provided for people through scholarships.

       THREAT: Problems or obstacles that can be regarded as threats are: poverty,
necessity to earn a living from an early age, sub-standard but free education provided by
the state, poor-quality teachers, inappropriate and irrelevant curricula, insufficient staff,
equipment and facilities, training, no bench-marking for vocational learning, no language
skills, etc.

     This SWOT analysis will help us establish some beneficial strategies.


II. Devising Strategies for Improving Equity in Access to Quality Education.

     Given the benefit of strength and opportunities, the state should run the strategy
“moving forward”, that is, develop factors that represent its strength and opportunities
and even make them stronger. The state should provide adequate internet access to be
used in remote rural areas, determine the furthest compulsory level of education that it
can provide for free, and encourage its people in every way possible to attain the basic
compulsory education and increase grants for every level of education.

     To counter what are „weaknesses‟ and „threats‟, the state must employ the strategy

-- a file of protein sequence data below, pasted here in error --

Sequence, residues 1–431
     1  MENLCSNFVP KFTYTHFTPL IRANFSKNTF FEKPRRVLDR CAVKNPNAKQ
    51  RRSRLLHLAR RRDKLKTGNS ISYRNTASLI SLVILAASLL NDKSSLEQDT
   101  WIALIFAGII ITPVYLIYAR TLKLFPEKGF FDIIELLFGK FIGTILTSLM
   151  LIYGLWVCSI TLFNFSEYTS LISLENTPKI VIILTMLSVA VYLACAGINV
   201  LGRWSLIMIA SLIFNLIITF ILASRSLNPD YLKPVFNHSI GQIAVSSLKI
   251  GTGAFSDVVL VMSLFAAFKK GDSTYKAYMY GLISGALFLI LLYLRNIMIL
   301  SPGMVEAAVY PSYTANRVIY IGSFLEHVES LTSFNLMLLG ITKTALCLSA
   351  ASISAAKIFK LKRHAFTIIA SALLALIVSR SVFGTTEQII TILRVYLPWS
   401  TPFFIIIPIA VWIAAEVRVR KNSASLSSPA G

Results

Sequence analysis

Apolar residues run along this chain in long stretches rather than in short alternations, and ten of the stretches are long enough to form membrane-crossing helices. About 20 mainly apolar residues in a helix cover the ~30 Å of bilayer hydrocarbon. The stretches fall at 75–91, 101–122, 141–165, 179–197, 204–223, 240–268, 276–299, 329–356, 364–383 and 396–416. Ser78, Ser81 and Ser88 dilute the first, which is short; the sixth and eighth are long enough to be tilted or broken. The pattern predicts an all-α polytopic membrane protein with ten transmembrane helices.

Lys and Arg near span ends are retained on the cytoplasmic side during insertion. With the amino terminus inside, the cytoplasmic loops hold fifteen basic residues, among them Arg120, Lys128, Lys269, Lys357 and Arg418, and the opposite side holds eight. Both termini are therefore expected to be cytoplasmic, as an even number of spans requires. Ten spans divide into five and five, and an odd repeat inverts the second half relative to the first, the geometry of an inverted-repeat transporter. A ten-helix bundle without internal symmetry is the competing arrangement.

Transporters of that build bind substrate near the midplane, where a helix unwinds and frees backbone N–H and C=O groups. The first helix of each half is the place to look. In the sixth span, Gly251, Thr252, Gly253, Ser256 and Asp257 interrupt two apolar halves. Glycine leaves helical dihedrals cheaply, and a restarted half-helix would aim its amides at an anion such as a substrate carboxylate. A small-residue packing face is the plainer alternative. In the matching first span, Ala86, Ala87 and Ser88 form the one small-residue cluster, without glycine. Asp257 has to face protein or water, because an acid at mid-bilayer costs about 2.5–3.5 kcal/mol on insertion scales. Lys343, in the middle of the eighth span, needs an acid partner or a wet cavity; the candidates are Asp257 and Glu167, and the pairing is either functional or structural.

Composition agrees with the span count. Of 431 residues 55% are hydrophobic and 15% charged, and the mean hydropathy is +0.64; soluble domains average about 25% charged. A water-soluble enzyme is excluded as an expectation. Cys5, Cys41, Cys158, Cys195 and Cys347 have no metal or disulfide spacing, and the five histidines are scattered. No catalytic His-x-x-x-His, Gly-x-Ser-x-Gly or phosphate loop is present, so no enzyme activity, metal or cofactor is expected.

“develop from within and prepare to encounter”, for instance:

1) Administering fair distribution of income, so that people will have sufficient
resources to pay for and be able to gain access to quality education.

2) Implementing accessibility assurance by means of developing a system of
knowledge management so as to establish knowledge as something public for every
individual to attain. This should be operated at the same time as establishing basic rights
insurance, that is, the state should firmly recognize the people‟s rights and equality in
gaining access to equal quality basic education. This includes the rights to improve
oneself by means of education, for instance, there should be legislative measures to
support both state and private agencies to allow their employees to attend training
programmes or enroll on beneficial courses without regarding them as absent from work.
3) Reforming education be means of emphasizing empowered learning skills,
including computer literacy, as part of the fundamental level of education.
4) Emphasizing action learning. This is because action learning is the process
whereby individuals can gain both experience and skills. The state should supplement its
curricula with action learning processes so that the learning will not be passive, i.e.
listening and taking notes. Action learning should also integrate „reflection-in-action‟,
idea systematization involving rapid, profound and broadening dimensions.

5) Focusing on quality teacher production. We have to admit that, in Thailand, for
instance, quite a number of teachers lack skills and abilities to organise their thoughts
and ideas in a systematic way. Not a small number of teachers also lack the spirit of
enquiring and learning as well as faith in their own teaching profession. Some lack both
teaching quality and morality. The factors for these are: an inappropriate and inefficient